Meaning of tegmen in English:


Pronunciation /ˈtɛɡmɛn/

nounplural noun tegmina

  • 1Entomology
    A sclerotized forewing serving to cover the hindwing in grasshoppers and related insects.

    ‘Collecting sites were chosen on the basis of previous collecting experience, and crickets were identified on the basis of differences in body length, hind wing length, ovipositor length, and tegmina color.’
    • ‘Predators mistaking the pinnule tips for the tegmen could take bites out of the distal parts of the pinnules.’
    • ‘Male grasshoppers court females by a producing a signal made by alternate stridulation, which is rubbing one hind leg against the tegmen, which produces sound.’
  • 2Botany
    The delicate inner protective layer of a seed.

    ‘In the recurved margins of the seed, the tegmen was wedge-shaped.’
    • ‘By contrast, in treated dormant seed, the tegmen appears intact and not expanded.’
    • ‘The symptomless infected seeds carry thin and hyaline mycelium in the tegmen, endosperm, and space between the endosperm and embryo.’
  • 3

    (also tegmen tympani)
    A plate of thin bone forming the roof of the middle ear, a part of the temporal bone.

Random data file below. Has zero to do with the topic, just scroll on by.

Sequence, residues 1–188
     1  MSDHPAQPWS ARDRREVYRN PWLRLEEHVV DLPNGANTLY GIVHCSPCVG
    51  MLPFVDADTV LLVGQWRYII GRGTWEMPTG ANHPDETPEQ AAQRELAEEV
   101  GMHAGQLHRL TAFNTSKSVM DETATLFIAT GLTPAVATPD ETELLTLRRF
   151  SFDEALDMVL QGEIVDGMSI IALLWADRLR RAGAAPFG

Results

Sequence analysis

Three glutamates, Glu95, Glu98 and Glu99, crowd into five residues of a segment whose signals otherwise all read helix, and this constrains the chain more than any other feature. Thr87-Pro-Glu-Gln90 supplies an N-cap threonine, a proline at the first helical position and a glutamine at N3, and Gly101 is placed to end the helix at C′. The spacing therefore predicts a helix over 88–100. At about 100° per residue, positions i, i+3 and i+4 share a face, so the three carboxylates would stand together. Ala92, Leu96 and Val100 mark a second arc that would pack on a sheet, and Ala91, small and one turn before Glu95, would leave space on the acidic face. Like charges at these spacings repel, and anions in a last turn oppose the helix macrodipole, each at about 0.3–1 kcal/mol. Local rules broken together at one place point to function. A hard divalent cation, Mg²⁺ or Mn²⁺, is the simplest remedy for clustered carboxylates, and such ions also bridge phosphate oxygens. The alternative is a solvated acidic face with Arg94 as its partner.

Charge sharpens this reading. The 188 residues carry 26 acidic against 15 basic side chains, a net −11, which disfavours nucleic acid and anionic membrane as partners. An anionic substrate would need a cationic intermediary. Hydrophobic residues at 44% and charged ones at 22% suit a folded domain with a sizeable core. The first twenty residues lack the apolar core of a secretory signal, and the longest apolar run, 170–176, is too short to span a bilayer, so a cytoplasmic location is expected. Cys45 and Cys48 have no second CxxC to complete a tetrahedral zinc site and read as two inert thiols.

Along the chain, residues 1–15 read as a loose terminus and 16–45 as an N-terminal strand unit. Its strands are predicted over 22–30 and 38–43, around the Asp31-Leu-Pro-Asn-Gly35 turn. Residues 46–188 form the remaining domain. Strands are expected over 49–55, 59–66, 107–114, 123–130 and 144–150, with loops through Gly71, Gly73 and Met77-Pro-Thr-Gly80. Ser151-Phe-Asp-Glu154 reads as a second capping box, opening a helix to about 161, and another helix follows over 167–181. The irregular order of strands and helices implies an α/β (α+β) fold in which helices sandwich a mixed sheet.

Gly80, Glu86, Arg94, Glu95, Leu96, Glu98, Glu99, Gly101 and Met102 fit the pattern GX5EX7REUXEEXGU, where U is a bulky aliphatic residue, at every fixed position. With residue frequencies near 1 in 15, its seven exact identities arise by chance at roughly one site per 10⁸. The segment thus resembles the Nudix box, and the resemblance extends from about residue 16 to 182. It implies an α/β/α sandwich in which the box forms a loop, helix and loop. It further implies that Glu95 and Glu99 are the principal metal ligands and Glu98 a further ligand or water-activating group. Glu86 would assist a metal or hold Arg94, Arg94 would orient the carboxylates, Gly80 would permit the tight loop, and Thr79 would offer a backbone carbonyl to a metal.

‘Another ligament attaches to the body of the incus and binds it to the roof of the middle ear (tegmen tympani).’
    • ‘At the blind end of this chamber, the bone forms the tegmen tympani.’
    • ‘Middle cranial fossa exploration revealed two punched out defects in the dura, with generalised dural thinning, overlying the tegmen and mastoid dural plate, which were eroded.’
    • ‘A CT scan revealed a destructive process involving the right middle ear cavity that extended to involve the mastoid, attic, tegmen and bony component of the external auditory canal.’
    • ‘The condition is usually related to tegmen erosion due to aberrant arachnoid granulations.’


Early 19th century from Latin, ‘covering’, from tegere ‘to cover’.